The Federal Reserve Tuesday raised its bellwether federal funds rate target by a quarter-percentage-point to 3.50 percent, its 10th straight rise, and offered no sign that its campaign of increases was nearing an end.
The unanimous decision by Fed Chairman Alan Greenspan (search) and the Federal Open Market Committee (search) is part of a credit-tightening campaign to bring rates back up to more normal levels.
The panel said rates are still low enough to lend support to the economy and repeated that it expected to continue to remove monetary stimulus at a "measured" pace, suggesting further quarter-point moves ahead.
In an effort to head off inflation risks in a growing economy, the Fed began in June 2004 to push up the federal funds rate (search) that banks charge each other for overnight loans from a 1958 low of 1 percent. The fed funds rate has risen 2.5 percentage points over that period and economists expect it to hit 4 percent or higher by year end.
The Fed is expected to pause in its rate-rise campaign eventually but has been vague about timing. The halt is likely to come when rates hit a level the Fed deems "neutral," one that neither slows growth nor stimulates inflation. Economists say a neutral fed funds rate lies somewhere between 3 percent and 5 percent, but policy makers have been loath to pin that down.
Many analysts believe the Fed will keep raising interest rates at its final three meetings of the year, in September, November and December, leaving the funds rate at 4.25 percent at year's end. The rate rise comes after a slew of data showing the U.S. economy's pulse quickening despite record energy prices and climbing short-term borrowing costs.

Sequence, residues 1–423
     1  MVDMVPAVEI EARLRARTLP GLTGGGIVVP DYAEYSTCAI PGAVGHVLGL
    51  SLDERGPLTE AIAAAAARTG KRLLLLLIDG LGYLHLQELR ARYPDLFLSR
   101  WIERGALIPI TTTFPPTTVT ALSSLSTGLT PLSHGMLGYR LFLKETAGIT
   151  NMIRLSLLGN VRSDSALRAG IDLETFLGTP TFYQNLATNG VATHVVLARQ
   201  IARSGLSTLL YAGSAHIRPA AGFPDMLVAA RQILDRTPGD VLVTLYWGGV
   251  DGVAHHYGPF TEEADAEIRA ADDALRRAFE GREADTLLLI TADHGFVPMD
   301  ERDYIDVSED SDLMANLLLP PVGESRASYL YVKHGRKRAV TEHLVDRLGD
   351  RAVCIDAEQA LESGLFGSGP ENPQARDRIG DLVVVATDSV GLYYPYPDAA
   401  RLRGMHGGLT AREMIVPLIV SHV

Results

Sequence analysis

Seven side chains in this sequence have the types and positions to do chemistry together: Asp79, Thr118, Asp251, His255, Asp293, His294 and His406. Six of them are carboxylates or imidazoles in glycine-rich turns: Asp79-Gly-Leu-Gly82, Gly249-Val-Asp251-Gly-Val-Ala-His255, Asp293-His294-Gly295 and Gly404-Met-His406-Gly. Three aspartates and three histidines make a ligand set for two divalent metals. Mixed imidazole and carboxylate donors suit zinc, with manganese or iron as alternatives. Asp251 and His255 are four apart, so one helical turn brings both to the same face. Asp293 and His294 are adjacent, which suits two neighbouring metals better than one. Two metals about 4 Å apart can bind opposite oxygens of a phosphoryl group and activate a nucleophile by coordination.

A rapid pickup in inflation — if not blunted by other economic forces — can erode workers' paychecks and drive up business costs. If inflation is bad enough, it can short circuit economic growth. The Fed is being especially watchful for any sign that the strengthening labor market is fanning inflation, economists said.
The Fed's action comes after a series of largely positive economic readings.
Employers cranked up hiring in July, adding 207,000 jobs. That was up from 166,000 jobs in June.
The economy as a whole expanded at a chipper 3.4 percent pace in the second quarter — even in the face of expensive energy. Economic growth is expected to top a 4 percent pace in the July-to-September period.
Still, energy prices continue marching higher. Oil prices set a new record Monday, closing at a high of $63.94 a barrel. Gasoline prices last week averaged $2.37 a gallon nationwide, a new high.
"Aggregate spending, despite high energy prices, appears to have strengthened since late winter, and labor market conditions continue to improve gradually," the Fed said in a statement outlining its decision.
"Core inflation has been relatively low in recent months and longer-term inflation expectations remain well contained, but pressures on inflation have stayed elevated," it added.
U.S. Treasury debt prices turned positive as the Fed's statement proved less jubilant on U.S. growth prospects than many investors had expected.
Tuesday's Fed decision was followed by an announcement by commercial banks that they were increasing their prime rate, the benchmark for millions of consumer and business loans, by a similar quarter-point. That would put the prime at 6.5 percent, its highest point in four years.
Reuters and The Associated Press contributed to this report.